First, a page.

"I felt good this morning, I felt good in warmups. It was just one of those nights where it doesn't really go your way. It happens. You've just got to get over it.''
Yeo said he considered pulling Kuemper after the second goal, scored by Dustin Brown on a two-on-one. Brown had winger Justin Williams open on his right, but he chose to hold the puck and shoot. That was the one that dribbled through Kuemper's pads.
"I thought about (pulling Kuemper after that goal),'' Yeo said. "I regret not doing that now. Even the third goal (scored at 18:18 by Tyler Toffoli), I thought, 'Well, there's a minute-thirty (left in the period), let's give (Niklas Backstrom) a chance to have a bit of a stretch between periods.' I thought we could get through that.
"The list of regrets I have now is very long. But at some point, you have to battle through that stuff, too.''
The Wild was caught flat-footed throughout the first period, which seemed to disgust winger Zach Parise. "We gave up what, 15 odd-man rushes in the first period?'' he said. "They capitalized on them, and it got away from us after that.''
The Wild outshot the Kings 28-22, but goalie Martin Jones was strong--despite having played in a shootout loss the night before--and his teammates supported him well. The Wild frequently turned the puck over in the neutral zone, and the Kings were all over them in the offensive zone. At one point in the third, Nino Niederreiter--who led the Wild with six shots on goal--got the puck at close range with a good look at the net. The Kings' Trevor Lewis swooped in and lifted Niederreiter's stick to spoil one of the Wild's best chances.
The Wild also missed the net 18 times, were outhit 23-16, whiffed on some good opportunities and were sloppy with their passing.
Yeo said the Wild's performance was "not even close to the way we're supposed to play the game ... We actually came out with some good energy, but execution, details killed us.'' He added that he wished he would have "done some different things to try to alter our focus and our mindset before coming into this game,'' but he declined to elaborate. While Yeo thought the Wild played better later in the game, he said, "I'm not going to try to get any moral victories out of that.''
The Kings were delighted to end a streak of road futility that had begun to play on their minds. They had won once in nine road games before Wednesday.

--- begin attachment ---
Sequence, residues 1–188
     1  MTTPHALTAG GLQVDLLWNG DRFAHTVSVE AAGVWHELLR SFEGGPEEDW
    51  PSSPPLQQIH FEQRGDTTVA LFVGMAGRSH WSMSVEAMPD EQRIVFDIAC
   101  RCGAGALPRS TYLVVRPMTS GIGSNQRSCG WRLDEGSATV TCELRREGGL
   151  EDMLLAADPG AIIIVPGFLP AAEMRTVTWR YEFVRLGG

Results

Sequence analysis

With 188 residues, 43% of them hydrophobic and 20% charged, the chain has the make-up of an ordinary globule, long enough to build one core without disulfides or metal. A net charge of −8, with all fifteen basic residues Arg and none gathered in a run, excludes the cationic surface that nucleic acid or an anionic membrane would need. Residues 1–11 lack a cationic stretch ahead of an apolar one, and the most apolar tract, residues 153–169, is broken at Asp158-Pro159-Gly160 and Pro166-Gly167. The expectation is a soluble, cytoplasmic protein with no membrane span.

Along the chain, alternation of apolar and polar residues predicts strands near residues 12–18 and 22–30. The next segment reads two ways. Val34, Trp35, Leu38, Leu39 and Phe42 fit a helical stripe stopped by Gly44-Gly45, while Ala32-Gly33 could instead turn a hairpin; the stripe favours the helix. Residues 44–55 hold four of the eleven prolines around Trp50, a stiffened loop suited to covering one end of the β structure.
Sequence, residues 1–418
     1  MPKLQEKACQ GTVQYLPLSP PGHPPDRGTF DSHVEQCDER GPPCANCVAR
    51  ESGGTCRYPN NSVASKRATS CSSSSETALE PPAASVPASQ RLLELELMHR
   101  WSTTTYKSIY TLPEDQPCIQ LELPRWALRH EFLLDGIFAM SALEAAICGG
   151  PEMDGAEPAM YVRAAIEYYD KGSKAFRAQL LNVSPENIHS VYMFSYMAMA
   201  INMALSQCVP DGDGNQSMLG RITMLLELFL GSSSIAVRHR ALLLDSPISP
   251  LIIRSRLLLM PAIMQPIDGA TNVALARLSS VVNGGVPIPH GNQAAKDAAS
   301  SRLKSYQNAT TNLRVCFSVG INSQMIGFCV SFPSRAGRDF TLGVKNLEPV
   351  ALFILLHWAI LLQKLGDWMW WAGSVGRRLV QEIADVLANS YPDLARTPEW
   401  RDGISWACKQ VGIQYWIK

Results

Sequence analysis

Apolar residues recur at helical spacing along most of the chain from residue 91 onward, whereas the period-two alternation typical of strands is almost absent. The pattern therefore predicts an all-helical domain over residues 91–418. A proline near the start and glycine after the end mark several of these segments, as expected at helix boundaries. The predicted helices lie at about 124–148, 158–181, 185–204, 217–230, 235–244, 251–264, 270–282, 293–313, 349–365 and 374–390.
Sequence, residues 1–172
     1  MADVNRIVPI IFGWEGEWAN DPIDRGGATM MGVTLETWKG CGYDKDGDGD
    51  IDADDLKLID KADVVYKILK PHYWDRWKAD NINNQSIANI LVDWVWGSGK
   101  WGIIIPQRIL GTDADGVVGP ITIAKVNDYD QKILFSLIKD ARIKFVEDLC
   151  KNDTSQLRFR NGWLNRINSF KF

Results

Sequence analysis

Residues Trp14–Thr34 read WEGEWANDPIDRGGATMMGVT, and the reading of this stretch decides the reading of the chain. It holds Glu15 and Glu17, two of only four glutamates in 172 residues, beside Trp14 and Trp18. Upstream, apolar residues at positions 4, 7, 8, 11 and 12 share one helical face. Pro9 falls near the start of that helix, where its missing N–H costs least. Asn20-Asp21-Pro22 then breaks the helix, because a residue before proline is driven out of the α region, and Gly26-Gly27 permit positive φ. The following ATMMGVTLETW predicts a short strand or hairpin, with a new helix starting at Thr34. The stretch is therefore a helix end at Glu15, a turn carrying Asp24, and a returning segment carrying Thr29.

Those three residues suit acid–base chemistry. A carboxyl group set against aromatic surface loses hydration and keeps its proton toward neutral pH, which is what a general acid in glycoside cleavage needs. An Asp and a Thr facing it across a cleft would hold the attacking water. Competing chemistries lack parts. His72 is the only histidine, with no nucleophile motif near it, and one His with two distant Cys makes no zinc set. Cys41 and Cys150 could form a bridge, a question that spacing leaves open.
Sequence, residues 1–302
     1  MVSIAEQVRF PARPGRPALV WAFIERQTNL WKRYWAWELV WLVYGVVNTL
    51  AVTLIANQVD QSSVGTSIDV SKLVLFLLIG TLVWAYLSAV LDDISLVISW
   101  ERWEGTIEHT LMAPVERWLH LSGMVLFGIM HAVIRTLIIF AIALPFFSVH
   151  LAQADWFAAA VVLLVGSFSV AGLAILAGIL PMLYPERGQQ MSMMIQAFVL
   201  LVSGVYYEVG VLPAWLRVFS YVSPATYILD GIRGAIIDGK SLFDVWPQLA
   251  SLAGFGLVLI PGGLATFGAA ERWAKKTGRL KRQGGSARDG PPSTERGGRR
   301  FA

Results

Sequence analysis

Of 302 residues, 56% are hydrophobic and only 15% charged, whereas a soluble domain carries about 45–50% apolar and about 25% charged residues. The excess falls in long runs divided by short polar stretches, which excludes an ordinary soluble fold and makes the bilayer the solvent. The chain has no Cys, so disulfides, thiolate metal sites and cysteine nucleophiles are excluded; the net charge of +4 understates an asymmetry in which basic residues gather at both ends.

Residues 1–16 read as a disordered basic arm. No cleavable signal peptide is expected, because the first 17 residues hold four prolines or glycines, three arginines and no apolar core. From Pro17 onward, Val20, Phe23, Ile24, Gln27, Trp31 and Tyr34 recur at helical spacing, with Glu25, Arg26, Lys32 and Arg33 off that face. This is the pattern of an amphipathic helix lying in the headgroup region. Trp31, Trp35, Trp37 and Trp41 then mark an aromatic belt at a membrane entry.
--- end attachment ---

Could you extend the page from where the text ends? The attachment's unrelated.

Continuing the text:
"This is important, not just for the two points in the standings, but for our psyche,'' Williams said. "It was big getting the lead. Mentally, we were exactly where we needed to be. (The Wild) played us hard in LA (in a 2-1 Kings victory in October). We wanted to show them what we're all about.''
The Wild will not skate on Thanksgiving day before traveling to Dallas. "We've played well on the road, so I think we're going to have some confidence,'' Kuemper said.
As the Wild prepared for tonight's game against Los Angeles, two players who won't be in the lineup made progress toward a return. Defenseman Jonas Brodin and winger Matt Cooke both skated Wednesday morning, and coach Mike Yeo said Brodin could be ready to play Friday at Dallas.
Brodin has missed six games because of an illness believed to be mumps. Yeo said his conditioning is not quite up to speed, but the coach doesn't think he's far off. "He's much, much better,'' Yeo said of Brodin. "He looks like a different guy right now. There's a chance we could have him Friday.''
Cooke has been out for 12 games with a hip flexor injury. He has begun skating without full gear and will need much more work to get into game shape. "At least he's touching the ice,'' Yeo said. "He's feeling better, but he's got a long way to go just to get him back up to speed.''
Though the Wild is coming off a 2-1 road trip in which it straightened out some problems that had plagued it away from home, Yeo cautioned against feeling too satisfied. The Kings--despite having a 1-4-4 road record and the fewest road wins in the Western Conference--are a balanced and solid team with no clear deficiencies.
"It's never an easy game (against the Kings),'' Yeo said. "And it's not necessarily a fun one, either, especially if you're not executing, you're not performing the way you need to. It will certainly be a good test tonight.
"I felt like (the Tampa Bay game, a 2-1 loss) was a bit of a step in the right direction. Despite losing that game, I felt there were a lot of parts of the game that looked right. (In the 4-1 victory over Florida), we took another step in the right direction, a bigger step. Our challenge is right now, coming off that trip--a feel-good win--we can't just assume things are going to start where we left them in Florida. We have a lot of work to do. We're not where we need to be, and this is a great team we're playing tonight. We've got to make sure we're ready.''
Today is defenseman Keith Ballard's 32nd birthday, and he is expected to skate in his 600th NHL game. The Baudette native will celebrate with family members coming in for Thanksgiving weekend. Ballard said the last 100 games have taken their sweet time, as he lost significant time to injuries and was a healthy scratch by Vancouver coach Alain Vigneault during Ballard's final season with the Canucks.
The former Gopher has played the past 54 games in a Wild sweater since being signed as a free agent in the summer of 2013. He has played only nine games this season after the mumps sidelined him, but he's grateful to still be on the ice.